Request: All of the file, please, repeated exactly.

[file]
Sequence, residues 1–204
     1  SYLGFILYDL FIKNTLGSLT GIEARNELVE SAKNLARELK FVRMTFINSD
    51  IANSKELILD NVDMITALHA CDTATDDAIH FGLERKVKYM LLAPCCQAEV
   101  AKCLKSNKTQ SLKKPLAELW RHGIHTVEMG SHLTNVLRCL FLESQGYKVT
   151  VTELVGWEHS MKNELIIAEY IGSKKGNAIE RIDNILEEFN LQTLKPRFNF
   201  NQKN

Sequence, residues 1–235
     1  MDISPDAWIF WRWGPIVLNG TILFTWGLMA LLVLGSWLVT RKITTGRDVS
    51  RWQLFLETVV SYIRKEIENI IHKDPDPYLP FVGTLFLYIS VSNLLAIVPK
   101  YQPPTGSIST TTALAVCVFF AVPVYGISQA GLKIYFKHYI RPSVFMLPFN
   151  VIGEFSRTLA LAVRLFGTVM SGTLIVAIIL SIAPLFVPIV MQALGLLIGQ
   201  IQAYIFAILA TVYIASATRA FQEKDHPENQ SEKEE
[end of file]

Sequence, residues 1–204
     1  SYLGFILYDL FIKNTLGSLT GIEARNELVE SAKNLARELK FVRMTFINSD
    51  IANSKELILD NVDMITALHA CDTATDDAIH FGLERKVKYM LLAPCCQAEV
   101  AKCLKSNKTQ SLKKPLAELW RHGIHTVEMG SHLTNVLRCL FLESQGYKVT
   151  VTELVGWEHS MKNELIIAEY IGSKKGNAIE RIDNILEEFN LQTLKPRFNF
   201  NQKN

Sequence, residues 1–235
     1  MDISPDAWIF WRWGPIVLNG TILFTWGLMA LLVLGSWLVT RKITTGRDVS
    51  RWQLFLETVV SYIRKEIENI IHKDPDPYLP FVGTLFLYIS VSNLLAIVPK
   101  YQPPTGSIST TTALAVCVFF AVPVYGISQA GLKIYFKHYI RPSVFMLPFN
   151  VIGEFSRTLA LAVRLFGTVM SGTLIVAIIL SIAPLFVPIV MQALGLLIGQ
   201  IQAYIFAILA TVYIASATRA FQEKDHPENQ SEKEE